A sampling from around the Unitarian Universalist blogosphere this week:
Joel Monka compares Unitarian Universalism to Oldsmobile and Pontiac as serving a niche market:
What does this have to do with UU? Unitarian Universalism is a niche religion, as Unitarianism and Universalism before them had been. At some levels, UUs understand this; there are many jokes- composed by UUs- to demonstrate how different we are. But many UUs don’t seem to understand another facet of niche products- that they are a fixed percentage of the market, neither growing nor falling without some unusual circumstance at work. (“CUUMBAYA,” April 30)
Erik Resley responds to Doug Muder’s book essay from our Spring issue, “Holding the Center,” by pointing beyond belief and tolerance: “life will call us back with the simple demand: now act.” (“Embodied Fragments,” April 28)
Two more bloggers make presidential endorsements: Patrick Murfin endorses Peter Morales (“‘Heretic, Rebel, a Thing to Flout’,” April 28), while Ellis revives from dormancy to endorse Laurel Hallman (“Post Office Mission,” April 28). Meanwhile, Peter Bowden notices that election-related posts at UUPlanet.tv don’t get much traffic (“uuplanet.tv,” April 29).
Stephanie Anagnoson finds that her neighbors think other factors are more important than denomination in choosing a church (“Surviving the Workday,” April 28).
Orelia Busch posts about the 2009 Transgender Religious Summit on the UUA’s Advocacy and Witness staff blog (“Inspired Faith, Effective Action,” April 28) On the same blog, Alex Winnett posts about the possibility of a truth and reconciliation commission for U.S.-sponsored torture, wondering, “Can we reconcile torture?” (“Inspired Faith, Effective Action,” April 30)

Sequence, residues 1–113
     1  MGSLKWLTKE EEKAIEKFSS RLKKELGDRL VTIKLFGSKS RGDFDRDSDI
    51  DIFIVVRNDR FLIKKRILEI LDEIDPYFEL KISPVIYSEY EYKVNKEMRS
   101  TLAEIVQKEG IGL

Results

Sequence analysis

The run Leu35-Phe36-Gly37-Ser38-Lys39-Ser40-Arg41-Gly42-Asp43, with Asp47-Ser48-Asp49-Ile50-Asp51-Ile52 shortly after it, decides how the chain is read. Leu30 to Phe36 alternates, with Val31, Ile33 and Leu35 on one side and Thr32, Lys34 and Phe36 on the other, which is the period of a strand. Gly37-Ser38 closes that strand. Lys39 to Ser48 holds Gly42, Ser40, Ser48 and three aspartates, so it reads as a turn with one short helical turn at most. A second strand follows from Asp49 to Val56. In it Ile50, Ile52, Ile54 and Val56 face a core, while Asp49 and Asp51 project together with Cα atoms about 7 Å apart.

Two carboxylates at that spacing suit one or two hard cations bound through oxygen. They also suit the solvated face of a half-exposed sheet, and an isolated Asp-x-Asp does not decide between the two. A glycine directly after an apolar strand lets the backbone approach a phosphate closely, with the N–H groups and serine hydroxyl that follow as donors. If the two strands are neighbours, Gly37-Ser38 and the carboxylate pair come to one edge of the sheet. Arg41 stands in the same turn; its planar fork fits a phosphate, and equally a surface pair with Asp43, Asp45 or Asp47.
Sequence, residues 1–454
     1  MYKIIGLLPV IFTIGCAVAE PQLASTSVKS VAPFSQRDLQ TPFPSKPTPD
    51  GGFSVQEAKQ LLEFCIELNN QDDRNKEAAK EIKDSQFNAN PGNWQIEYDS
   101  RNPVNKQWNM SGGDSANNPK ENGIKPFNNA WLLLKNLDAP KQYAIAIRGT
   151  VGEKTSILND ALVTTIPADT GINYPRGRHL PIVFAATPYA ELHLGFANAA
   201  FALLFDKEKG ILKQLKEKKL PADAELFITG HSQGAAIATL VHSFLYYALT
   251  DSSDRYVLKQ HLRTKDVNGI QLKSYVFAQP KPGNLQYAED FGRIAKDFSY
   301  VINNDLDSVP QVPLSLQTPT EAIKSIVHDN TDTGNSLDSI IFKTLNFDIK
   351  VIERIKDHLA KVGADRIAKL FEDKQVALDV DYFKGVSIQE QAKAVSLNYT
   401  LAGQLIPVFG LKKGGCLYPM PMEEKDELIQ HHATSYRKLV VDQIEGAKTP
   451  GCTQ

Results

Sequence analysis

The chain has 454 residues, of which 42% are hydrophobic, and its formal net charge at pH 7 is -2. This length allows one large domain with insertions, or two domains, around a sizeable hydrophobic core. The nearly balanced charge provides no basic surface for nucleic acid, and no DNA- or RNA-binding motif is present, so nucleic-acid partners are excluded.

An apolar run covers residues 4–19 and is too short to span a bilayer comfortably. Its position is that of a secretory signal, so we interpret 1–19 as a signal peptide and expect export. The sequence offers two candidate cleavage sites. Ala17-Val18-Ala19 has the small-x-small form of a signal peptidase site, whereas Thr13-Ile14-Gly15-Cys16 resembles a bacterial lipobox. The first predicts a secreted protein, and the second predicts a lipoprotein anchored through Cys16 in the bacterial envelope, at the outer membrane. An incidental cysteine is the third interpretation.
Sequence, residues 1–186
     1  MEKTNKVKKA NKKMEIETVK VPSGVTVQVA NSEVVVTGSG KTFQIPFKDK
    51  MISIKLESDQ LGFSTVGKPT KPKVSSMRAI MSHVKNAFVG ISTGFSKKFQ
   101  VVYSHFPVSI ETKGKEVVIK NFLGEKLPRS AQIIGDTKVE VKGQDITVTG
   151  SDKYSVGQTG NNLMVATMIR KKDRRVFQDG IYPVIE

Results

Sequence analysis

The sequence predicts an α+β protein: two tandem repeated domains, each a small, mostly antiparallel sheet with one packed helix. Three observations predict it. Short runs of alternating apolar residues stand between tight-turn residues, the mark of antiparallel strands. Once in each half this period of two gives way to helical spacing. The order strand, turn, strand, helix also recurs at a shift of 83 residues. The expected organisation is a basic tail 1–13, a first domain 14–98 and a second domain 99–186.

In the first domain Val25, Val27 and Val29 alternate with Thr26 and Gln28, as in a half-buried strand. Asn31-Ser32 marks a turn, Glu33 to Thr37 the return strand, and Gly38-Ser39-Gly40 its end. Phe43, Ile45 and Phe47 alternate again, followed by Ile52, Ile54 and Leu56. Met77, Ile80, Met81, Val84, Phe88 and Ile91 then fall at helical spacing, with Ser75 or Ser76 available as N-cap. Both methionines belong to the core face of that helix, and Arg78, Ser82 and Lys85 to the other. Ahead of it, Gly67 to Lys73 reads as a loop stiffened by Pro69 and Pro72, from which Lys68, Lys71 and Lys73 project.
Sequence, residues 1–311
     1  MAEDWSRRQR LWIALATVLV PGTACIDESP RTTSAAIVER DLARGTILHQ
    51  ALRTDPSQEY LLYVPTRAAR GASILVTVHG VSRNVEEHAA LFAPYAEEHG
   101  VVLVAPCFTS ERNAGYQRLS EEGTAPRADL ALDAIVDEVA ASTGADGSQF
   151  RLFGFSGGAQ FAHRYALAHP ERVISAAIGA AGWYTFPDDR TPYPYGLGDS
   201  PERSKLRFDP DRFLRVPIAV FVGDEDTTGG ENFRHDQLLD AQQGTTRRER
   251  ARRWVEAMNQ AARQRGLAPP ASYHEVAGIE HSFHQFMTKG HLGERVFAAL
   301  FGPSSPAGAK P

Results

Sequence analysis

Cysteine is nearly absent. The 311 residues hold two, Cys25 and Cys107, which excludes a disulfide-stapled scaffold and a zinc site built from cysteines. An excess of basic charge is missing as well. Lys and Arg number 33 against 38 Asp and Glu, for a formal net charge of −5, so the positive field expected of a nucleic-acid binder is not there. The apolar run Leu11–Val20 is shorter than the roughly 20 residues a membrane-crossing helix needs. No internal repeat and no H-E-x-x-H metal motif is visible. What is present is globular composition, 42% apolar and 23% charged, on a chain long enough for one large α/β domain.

The Rev. Stephen Lingwood is “working on our new website at church, and writing a bit about Unitarianism. This involves striking a balance between my understanding of Unitarianism, my congregation’s, and my national community’s understanding.” (“Reignite,” April 29)
David Pyle ponders the Myth of Objectivity: “I believe that this is impossible, and that what the historian is called to do instead is to recognize and be open about their bias, and share the story of history as their individual encounter with the events and interpretations of the past.” (“Celestial Lands,” May 1)
And in a meta-blogging post, the Rev. James Ishmael Ford deletes a blog entry.